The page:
Understanding Common Insurance Terms

Health insurance and health insurance terminology can be tricky and sometimes confusing. That’s why we’ve broken down the most common insurance terms in easy-to-understand language. For more information on the rest of the most common insurance terms, please visit the Health Insurance Glossary.

The Affordable Care Act (ACA), also referred to as “Obamacare” is care that aims to expand access to coverage, control health care costs and improve health care delivery for U.S. citizens and legal residents. Most U.S. citizens and legal residents are now required to have health insurance coverage or pay a penalty to the government. ACA legislation includes the expansion of Medicaid eligibility, the establishment of health insurance exchanges and protects health insurance members from denied coverage due to pre-existing conditions.

A claim is a request for payment that lists the treatment performed. It’s sent to your insurance company after you receive get covered services.

Coinsurance is the percentage you owe for certain some covered services after reaching your deductible. For example, when you pay 20%, your plan pays 80%.

A copay is a fixed dollar amount that you pay upfront each time you pay for covered services. Copays can vary based on the service, such as when: seeing your primary care provider, visiting a specialist, or filling a prescription might all have different copays.

A deductible is the set amount you pay for covered services or drug costs before your plan starts paying.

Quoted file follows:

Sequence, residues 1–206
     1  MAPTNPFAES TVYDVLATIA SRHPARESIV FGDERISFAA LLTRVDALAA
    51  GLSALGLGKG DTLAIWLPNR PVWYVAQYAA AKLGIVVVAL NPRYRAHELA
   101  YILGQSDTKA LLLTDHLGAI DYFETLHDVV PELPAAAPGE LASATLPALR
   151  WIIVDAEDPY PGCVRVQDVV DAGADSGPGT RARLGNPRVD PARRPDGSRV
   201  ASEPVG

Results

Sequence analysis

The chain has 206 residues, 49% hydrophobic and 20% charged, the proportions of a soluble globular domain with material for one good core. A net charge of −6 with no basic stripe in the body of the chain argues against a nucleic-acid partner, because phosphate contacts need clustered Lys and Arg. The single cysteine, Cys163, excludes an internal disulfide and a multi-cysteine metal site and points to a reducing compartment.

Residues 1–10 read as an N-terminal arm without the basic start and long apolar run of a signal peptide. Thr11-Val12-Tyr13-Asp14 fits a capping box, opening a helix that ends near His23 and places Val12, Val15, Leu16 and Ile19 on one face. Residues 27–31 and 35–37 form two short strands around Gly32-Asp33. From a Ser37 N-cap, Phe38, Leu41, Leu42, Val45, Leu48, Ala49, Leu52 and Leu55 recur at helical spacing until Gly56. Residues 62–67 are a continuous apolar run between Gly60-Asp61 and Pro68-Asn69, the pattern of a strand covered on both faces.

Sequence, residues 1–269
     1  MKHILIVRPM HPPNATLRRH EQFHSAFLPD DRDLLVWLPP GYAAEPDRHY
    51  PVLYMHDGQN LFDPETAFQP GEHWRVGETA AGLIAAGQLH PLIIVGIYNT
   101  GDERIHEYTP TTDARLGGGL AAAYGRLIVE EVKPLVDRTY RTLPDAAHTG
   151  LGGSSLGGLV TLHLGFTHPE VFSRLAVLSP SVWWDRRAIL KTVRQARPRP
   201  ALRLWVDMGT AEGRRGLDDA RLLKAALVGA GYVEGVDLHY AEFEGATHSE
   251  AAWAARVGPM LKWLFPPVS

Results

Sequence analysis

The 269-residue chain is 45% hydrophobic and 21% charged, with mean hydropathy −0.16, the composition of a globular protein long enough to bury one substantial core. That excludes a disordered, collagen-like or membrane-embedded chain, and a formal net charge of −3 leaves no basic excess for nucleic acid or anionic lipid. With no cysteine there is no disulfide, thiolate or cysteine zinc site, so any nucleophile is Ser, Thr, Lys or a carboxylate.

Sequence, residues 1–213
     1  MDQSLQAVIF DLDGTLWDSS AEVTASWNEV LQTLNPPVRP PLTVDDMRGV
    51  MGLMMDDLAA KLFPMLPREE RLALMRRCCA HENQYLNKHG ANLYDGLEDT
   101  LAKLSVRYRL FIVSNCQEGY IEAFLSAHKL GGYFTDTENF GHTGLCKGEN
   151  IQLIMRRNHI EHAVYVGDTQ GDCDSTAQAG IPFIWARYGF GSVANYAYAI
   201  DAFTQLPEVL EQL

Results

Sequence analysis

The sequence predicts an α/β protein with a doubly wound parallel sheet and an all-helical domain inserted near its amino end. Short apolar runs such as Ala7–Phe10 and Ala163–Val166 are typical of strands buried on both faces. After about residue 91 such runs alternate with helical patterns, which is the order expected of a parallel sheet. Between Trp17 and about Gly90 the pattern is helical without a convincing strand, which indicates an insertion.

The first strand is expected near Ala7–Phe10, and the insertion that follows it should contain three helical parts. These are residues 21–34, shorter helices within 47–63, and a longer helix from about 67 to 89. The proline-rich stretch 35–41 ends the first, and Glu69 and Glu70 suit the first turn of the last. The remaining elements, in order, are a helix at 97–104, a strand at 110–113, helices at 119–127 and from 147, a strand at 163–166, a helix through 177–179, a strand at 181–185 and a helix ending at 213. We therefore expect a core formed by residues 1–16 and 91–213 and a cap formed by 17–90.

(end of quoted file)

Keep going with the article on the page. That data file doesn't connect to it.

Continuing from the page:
drug formulary is a list of drugs your insurance plan covers. A drug’s formulary may also impact how much you pay for each drug.

The Explanation of Benefits (EOB) is a document that explains the costs for services you received. This includes what the provider billed for, what Highmark paid, and what you will need to pay. The EOB is not a bill, it’s a summary of the charges and payments related to your medical care. It’s designed meant to help you understand how your plan covers the services you received. Members get an EOB after we process certain types of claims. The EOB might include:

  • Patient information
  • Member ID number
  • Claims information
  • Information about your coinsurance, copay and your deductible
  • Member ID number
  • Patient information
  • What you owe the provider

The out-of-pocket is costs are not covered by your plan. These include co-payments, coinsurance, deductibles and fees paid for treatment or prescriptions.

The total maximum out-of-pocket is the most you’d you pay for any covered services within a plan year. Your deductible, coinsurance, and copays all go toward meeting it. If you hit this amount, your plan pays 100% of covered services.